Use of poly(DL-lactide-ε-caprolactone) membranes and mesenchymal stem cells from the Wharton's jelly of the umbilical cord for promoting nerve regeneration in axonotmesis: in vitro and in vivo analysis.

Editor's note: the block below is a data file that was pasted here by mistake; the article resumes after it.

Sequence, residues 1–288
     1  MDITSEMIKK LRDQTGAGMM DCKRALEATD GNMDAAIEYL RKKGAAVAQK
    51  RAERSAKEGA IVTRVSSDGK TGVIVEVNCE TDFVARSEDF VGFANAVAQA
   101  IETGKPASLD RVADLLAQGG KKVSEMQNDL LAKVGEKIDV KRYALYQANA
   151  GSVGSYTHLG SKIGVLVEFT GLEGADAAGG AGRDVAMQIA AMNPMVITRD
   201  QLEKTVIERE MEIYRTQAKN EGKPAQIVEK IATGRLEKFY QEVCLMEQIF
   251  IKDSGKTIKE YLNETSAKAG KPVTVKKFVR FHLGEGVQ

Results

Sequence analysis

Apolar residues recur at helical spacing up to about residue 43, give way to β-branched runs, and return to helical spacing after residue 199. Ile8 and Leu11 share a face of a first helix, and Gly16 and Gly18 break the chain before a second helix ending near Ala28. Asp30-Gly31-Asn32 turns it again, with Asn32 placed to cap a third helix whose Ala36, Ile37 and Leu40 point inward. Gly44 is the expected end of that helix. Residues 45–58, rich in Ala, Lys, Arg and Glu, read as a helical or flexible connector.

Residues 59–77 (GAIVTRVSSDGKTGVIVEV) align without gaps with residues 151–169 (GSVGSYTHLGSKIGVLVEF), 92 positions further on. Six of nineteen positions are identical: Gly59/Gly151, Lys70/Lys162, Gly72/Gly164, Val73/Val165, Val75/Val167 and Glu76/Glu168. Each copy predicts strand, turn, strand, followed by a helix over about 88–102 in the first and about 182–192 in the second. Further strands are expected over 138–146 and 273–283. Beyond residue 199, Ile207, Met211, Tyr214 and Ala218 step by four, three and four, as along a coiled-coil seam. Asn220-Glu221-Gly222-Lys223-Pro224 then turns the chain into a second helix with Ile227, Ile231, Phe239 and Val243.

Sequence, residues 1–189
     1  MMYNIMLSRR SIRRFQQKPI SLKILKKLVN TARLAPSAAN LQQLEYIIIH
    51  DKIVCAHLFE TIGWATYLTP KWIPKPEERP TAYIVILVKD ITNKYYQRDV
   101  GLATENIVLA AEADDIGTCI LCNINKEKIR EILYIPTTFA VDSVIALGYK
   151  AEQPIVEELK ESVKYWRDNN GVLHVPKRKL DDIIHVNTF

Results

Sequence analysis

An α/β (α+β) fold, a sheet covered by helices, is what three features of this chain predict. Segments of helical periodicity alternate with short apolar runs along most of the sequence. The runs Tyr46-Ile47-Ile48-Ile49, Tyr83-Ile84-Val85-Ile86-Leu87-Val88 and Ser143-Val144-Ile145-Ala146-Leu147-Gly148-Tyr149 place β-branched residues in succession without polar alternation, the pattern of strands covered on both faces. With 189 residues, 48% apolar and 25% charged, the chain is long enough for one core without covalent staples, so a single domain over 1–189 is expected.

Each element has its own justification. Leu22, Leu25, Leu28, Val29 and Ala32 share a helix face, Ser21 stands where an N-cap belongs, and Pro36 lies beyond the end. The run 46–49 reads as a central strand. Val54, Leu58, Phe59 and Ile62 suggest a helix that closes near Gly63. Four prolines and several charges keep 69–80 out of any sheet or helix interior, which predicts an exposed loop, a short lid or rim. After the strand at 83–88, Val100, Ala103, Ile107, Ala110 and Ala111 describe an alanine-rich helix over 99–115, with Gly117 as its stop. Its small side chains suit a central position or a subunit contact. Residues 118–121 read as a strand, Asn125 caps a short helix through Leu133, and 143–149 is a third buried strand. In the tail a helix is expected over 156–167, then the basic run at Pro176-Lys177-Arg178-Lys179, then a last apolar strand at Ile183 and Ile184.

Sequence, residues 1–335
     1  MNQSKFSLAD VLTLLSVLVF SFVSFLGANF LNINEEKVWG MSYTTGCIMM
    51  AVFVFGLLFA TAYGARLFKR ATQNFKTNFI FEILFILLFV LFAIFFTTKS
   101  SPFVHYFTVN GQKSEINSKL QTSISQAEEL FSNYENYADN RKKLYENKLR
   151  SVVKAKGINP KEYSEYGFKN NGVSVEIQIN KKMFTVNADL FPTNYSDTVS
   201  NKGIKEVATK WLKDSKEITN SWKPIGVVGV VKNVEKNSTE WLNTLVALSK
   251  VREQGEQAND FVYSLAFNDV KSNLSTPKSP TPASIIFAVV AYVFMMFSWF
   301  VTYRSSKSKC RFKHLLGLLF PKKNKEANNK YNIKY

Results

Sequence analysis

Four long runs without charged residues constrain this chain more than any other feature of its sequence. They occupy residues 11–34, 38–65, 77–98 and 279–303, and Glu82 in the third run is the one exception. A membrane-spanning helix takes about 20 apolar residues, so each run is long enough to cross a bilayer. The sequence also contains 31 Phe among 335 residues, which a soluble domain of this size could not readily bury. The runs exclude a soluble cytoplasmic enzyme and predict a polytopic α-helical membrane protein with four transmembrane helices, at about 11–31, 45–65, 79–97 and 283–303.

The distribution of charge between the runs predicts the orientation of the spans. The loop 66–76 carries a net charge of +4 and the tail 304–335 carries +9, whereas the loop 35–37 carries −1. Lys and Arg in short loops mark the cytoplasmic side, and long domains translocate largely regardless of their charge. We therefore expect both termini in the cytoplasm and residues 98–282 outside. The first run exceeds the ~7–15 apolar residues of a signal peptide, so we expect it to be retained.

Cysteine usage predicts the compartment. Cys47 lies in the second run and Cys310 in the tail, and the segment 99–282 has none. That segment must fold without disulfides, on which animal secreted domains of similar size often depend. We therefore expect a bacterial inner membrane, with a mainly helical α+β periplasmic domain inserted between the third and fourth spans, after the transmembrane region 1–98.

Poly(lactic-co-glycolic acid) (PLGA) nerve tube guides, made of a novel proportion (90:10) of the two polymers, poly(L-lactide): poly(glycolide) and covered with a neural cell line differentiated in vitro, were tested in vivo for promoting nerve regeneration across a 10-mm gap of the rat sciatic nerve. Before in vivo testing, the PLGA 90:10 tubes were tested in vitro for water uptake and mass loss and compared with collagen sheets. The water uptake of the PLGA tubes was lower, and the mass loss was more rapid and higher than those of the collagen sheets when immersed in phosphate-buffered saline (PBS) solution. The pH values of immersing PBS did not change after soaking the collagen sheets and showed to be around 7.4. On the other hand, the pH values of PBS after soaking PLGA tubes decreased gradually during 10 days reaching values around 3.5. For the in vivo testing, 22 Sasco Sprague adult rats were divided into four groups--group 1: gap not reconstructed; group 2: gap reconstructed using an autologous nerve graft; group 3: gap reconstructed with PLGA 90:10 tube guides; group 4: gap reconstructed with PLGA 90:10 tube guides covered with neural cells differentiated in vitro. Motor and sensory functional recovery was evaluated throughout a healing period of 20 weeks using sciatic functional index, static sciatic index, extensor postural thrust, withdrawal reflex latency, and ankle kinematics. Stereological analysis was carried out on regenerated nerve fibers. Both motor and sensory functions improved significantly in the three experimental nerve repair groups, although the rate and extent of recovery was significantly higher in the group where the gap was reconstructed using the autologous graft. The presence of neural cells covering the inside of the PLGA tube guides did not make any difference in the functional recovery. By contrast, morphometric analysis showed that the introduction of N1E-115 cells inside PLGA 90:10 tube guides led to a significant lower number and size of regenerated nerve fibers, suggesting thus that this approach is not adequate for promoting peripheral nerve repair. Further studies are warranted to assess the role of other cellular systems as a foreseeable therapeutic strategy in peripheral nerve regeneration.